History

Herodotus (c. 484 BCc. 425 BC), often considered the "father of history"
Those who cannot remember the past are condemned to repeat it.[1]

George Santayana

History (from Greek ἱστορία, historia, meaning "inquiry; knowledge acquired by investigation")[2] is the study of the past.[3][4] Events occurring before the invention of writing systems are considered prehistory. "History" is an umbrella term that relates to past events as well as the memory, discovery, collection, organization, presentation, and interpretation of information about these events. Historians place the past in context using historical sources such as written documents, oral accounts, ecological markers, and material objects including art and artifacts.[5]

History also includes the academic discipline which uses narrative to describe, examine, question, and analyze a sequence of past events, and investigate the patterns of cause and effect that are related to them.[6][7] Historians seek to understand and represent the past through narratives. They often debate which narrative best explains an event, as well as the significance of different causes and effects. Historians also debate the nature of history and its usefulness by discussing the study of the discipline as an end in itself and as a way of providing "perspective" on the problems of the present.[6][8][9][10]

Stories common to a particular culture, but not supported by external sources (such as the tales surrounding King Arthur), are usually classified as cultural heritage or legends.[11][12] History differs from myth in that it is supported by evidence. However, ancient influences have helped spawn variant interpretations of the nature of history which have evolved over the centuries and continue to change today. The modern study of history is wide-ranging, and includes the study of specific regions and the study of certain topical or thematic elements of historical investigation. History is often taught as part of primary and secondary education, and the academic study of history is a major discipline in university studies.

Herodotus, a 5th-century BC Greek historian is often considered (within the Western tradition) to be the "father of history",[13] or, the "father of lies".[14][15] Along with his contemporary Thucydides, he helped form the foundations for the modern study of human history. Their works continue to be read today, and the gap between the culture-focused Herodotus and the military-focused Thucydides remains a point of contention or approach in modern historical writing. In East Asia, a state chronicle, the Spring and Autumn Annals, was known to be compiled from as early as 722 BC although only 2nd-century BC texts have survived.

  1. ^ George Santayana, "The Life of Reason", Volume One, p. 82, BiblioLife, ISBN 978-0-559-47806-2
  2. ^ Joseph, Brian; Janda, Richard, eds. (2008) [2004]. The Handbook of Historical Linguistics. Blackwell Publishing. p. 163. ISBN 978-1-4051-2747-9.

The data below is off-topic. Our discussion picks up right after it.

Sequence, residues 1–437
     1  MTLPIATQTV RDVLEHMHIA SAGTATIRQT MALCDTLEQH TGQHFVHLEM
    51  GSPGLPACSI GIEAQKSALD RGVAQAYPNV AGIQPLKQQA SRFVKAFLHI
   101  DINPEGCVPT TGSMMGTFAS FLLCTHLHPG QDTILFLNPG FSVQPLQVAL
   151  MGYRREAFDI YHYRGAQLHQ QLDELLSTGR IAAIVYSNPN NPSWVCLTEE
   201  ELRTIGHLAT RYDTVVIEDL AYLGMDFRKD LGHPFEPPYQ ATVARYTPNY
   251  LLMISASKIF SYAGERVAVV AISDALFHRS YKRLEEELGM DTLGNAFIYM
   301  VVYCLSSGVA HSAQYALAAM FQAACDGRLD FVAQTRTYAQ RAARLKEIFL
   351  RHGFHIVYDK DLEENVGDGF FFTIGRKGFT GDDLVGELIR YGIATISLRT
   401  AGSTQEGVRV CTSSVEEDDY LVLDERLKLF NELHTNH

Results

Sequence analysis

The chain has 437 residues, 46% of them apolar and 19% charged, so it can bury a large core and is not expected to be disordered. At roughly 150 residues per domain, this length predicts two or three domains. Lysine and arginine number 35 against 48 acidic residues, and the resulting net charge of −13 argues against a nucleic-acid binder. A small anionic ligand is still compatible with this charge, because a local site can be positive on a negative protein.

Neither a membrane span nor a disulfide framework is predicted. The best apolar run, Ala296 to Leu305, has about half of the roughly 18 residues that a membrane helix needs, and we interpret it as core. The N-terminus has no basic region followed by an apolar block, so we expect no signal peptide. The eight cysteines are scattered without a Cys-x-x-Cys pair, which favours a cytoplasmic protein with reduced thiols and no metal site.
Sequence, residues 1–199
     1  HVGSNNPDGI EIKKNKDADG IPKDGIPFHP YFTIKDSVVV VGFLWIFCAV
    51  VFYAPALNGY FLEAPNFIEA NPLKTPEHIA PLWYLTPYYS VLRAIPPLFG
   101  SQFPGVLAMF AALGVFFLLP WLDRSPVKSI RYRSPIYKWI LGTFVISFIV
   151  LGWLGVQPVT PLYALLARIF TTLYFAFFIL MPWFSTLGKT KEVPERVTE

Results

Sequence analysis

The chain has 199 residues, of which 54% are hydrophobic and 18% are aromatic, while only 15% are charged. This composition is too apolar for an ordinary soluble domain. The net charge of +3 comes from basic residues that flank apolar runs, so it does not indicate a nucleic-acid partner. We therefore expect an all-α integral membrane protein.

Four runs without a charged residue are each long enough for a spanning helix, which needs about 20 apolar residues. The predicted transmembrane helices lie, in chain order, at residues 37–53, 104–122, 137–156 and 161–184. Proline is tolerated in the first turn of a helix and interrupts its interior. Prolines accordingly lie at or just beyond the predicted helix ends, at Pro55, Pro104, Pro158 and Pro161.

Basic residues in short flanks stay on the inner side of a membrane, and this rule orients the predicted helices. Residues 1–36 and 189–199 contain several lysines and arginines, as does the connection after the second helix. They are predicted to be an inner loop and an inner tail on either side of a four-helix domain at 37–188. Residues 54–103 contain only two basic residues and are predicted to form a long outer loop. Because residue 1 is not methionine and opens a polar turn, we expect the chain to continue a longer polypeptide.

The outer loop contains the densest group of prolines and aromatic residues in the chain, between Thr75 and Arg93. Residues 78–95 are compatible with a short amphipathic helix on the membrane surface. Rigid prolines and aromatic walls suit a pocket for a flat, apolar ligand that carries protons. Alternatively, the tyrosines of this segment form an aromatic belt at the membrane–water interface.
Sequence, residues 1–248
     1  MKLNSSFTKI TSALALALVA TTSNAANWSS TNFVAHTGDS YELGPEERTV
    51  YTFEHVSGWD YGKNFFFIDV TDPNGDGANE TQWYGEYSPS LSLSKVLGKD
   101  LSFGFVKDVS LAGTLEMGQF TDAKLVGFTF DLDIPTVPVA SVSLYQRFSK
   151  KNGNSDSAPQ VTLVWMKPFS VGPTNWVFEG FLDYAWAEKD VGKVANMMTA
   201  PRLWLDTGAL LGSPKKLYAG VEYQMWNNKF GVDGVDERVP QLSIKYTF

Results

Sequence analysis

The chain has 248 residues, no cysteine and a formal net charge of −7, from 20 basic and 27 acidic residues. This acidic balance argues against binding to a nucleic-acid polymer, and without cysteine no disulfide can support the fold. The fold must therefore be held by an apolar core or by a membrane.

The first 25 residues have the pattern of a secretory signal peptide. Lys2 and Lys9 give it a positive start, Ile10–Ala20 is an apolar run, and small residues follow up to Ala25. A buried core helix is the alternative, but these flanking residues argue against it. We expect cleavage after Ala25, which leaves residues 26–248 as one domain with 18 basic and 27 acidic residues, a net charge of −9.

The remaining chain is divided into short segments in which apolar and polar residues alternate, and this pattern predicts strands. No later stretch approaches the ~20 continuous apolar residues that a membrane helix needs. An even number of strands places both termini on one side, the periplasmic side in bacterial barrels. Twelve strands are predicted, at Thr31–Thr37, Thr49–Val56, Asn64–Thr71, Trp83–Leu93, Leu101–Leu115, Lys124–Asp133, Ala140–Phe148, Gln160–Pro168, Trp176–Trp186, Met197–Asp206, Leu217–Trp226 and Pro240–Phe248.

3. ^ "History Definition". Retrieved 21 January 2014.
  4. ^ "What is History & Why Study It?". Archived from the original on 1 February 2014. Retrieved 21 January 2014.
  5. ^ Arnold, John H. (2000). History: A Very Short Introduction. New York: Oxford University Press. ISBN 019285352X.
  6. ^ a b Professor Richard J. Evans (2001). "The Two Faces of E.H. Carr". History in Focus, Issue 2: What is History?. University of London. Retrieved 10 November 2008.
  7. ^ Professor Alun Munslow (2001). "What History Is". History in Focus, Issue 2: What is History?. University of London. Retrieved 10 November 2008.
  8. ^ Tosh, John (2006). The Pursuit of History (4th ed.). Pearson Education Limited. p. 52. ISBN 978-1-4058-2351-7.
  9. ^ Peter N. Stearns; Peters Seixas; Sam Wineburg, eds. (2000). "Introduction". Knowing Teaching and Learning History, National and International Perspectives. New York & London: New York University Press. p. 6. ISBN 978-0-8147-8141-8.
  10. ^ Nash l, Gary B. (2000). "The "Convergence" Paradigm in Studying Early American History in Schools". In Peter N. Stearns; Peters Seixas; Sam Wineburg (eds.). Knowing Teaching and Learning History, National and International Perspectives. New York & London: New York University Press. pp. 102–115. ISBN 978-0-8147-8141-8.
  11. ^ Seixas, Peter (2000). "Schweigen! die Kinder!". In Peter N. Stearns; Peters Seixas; Sam Wineburg (eds.). Knowing Teaching and Learning History, National and International Perspectives. New York & London: New York University Press. p. 24. ISBN 978-0-8147-8141-8.
  12. ^ Lowenthal, David (2000). "Dilemmas and Delights of Learning History". In Peter N. Stearns; Peters Seixas; Sam Wineburg (eds.). Knowing Teaching and Learning History, National and International Perspectives. New York & London: New York University Press. p. 63. ISBN 978-0-8147-8141-8.
  13. ^ Halsall, Paul. "Ancient History Sourcebook: 11th Brittanica: Herodotus". Internet History Sourcebooks Project. Fordham University. Retrieved 3 December 2020.
  14. ^ Vives, Juan Luis; Watson, Foster (1913). Vives, on education : a translation of the De tradendis disciplinis of Juan Luis Vives. Robarts - University of Toronto. Cambridge : The University Press.
  15. ^ Juan Luis Vives (1551). Ioannis Ludouici Viuis Valentini, De disciplinis libri 20. in tres tomos distincti, quorum ordinem versa pagella iudicabit. Cum indice copiosissimo (in Latin). National Central Library of Rome. apud Ioannem Frellonium.

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